As NSW adds a further 296 locally acquired infections to its COVID-19 caseload along with four more deaths, Halloween enthusiasts have been warned to keep their trick-or-treating safe.
“If you and your family are planning to celebrate Halloween this year … aim to keep the celebrations outside, provide closed packaging for treats and instead of communal lolly bowls consider other ways to distribute your treats,” NSW Health’s Jeremy McAnulty advised on Saturday.
“For example, along the front fence of the house or hidden in the front yard.”
The latest numbers – 36 fewer than the previous day’s cases – come as some 480 people with the virus remain in hospitals across the state, 119 of them in intensive care.
Health officials say almost 67,000 COVID-19 tests were conducted in the 24 hours to 8pm on Saturday.
More than 93 per cent of NSW residents aged 16 or over have now received at least one vaccine dose, while 84.4 per cent have had both jabs.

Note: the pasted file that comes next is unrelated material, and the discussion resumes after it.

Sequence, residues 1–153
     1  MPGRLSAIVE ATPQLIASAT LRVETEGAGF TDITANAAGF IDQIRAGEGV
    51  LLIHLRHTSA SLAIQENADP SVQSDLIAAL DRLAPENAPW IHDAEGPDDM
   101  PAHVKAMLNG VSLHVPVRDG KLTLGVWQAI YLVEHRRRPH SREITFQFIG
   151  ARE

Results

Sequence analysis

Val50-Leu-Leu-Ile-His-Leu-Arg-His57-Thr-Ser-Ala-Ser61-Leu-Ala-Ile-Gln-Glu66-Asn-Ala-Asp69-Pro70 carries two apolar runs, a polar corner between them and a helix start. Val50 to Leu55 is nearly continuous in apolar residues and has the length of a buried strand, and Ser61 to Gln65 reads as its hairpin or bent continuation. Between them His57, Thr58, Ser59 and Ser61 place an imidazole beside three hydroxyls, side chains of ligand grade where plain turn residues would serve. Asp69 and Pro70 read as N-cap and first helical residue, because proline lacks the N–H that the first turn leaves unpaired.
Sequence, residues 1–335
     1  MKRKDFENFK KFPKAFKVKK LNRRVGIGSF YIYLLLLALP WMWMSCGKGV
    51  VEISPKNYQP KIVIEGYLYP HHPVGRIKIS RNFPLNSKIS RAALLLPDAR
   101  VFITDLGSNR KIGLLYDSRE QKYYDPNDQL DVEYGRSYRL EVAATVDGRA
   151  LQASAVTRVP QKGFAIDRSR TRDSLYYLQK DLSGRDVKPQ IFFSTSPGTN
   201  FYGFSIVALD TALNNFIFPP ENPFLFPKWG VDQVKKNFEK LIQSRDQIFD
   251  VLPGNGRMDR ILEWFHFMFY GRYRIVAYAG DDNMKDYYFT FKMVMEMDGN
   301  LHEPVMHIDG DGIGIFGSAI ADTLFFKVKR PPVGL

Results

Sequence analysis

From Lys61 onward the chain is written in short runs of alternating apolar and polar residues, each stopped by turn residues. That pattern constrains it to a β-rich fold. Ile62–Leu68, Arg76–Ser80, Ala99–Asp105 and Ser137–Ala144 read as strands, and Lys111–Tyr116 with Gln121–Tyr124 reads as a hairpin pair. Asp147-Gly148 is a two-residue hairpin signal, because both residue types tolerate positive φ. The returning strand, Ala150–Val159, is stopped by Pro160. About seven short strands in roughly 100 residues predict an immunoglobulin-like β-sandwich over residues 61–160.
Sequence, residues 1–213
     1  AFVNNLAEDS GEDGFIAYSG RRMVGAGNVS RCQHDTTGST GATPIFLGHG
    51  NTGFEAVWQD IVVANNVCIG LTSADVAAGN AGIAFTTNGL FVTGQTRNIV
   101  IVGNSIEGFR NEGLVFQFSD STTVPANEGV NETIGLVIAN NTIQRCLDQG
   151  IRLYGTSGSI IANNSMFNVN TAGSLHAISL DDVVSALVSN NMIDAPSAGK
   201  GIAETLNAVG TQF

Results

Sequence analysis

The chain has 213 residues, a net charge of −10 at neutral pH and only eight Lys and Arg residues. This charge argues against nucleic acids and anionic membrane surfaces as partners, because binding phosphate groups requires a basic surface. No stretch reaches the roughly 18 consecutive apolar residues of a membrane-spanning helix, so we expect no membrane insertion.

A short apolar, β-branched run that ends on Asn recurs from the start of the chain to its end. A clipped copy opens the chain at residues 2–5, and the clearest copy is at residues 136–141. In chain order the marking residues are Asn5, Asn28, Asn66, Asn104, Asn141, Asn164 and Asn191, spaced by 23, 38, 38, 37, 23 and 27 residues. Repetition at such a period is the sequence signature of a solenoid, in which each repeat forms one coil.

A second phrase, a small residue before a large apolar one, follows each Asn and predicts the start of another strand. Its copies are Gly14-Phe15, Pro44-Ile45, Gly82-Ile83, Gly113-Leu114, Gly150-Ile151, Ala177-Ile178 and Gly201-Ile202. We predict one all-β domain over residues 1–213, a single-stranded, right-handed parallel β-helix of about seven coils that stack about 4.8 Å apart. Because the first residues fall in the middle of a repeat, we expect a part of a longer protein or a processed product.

‘Stay close to home’
Citing Halloween festivities as a potential catalyst for a revival in COVID infections, Dr McAnulty suggested families put their efforts into decorating front yards while staying in their own neighbourhoods, rather than travelling further afield.
Kids shouldn’t be sharing costume masks and their parents should check if they’ve got symptoms before heading out, he cautioned.
Elsewhere in the state, cases continue to surge in the Hunter New England area, which, to Friday evening, had the highest number of new infections of any health district with 78.
The state’s hospital numbers continue to steadily fall, having dropped from 482 to 469 on Saturday.
Some 123 NSW residents were in intensive care at the beginning of the weekend, of whom the vast bulk – 96 – were unvaccinated. Eighteen people had received one shot and nine both.
As children in most year groups prepare for a return to school on Monday, vaccination rates in the 12- to 15-year age bracket are rising.
Some 77.59 per cent have received one dose and 48.83 per cent are fully vaccinated.
Of those aged 16 and up, 93 per cent have received at least one jab and 84.4 both.
Dr McAnulty says since restrictions eased in recent weeks there has been likely transmission in high-risk indoor venues, such as bars and gyms.
He says it’s a reminder to keep adhering to COVID-safe practices, even for the fully vaccinated.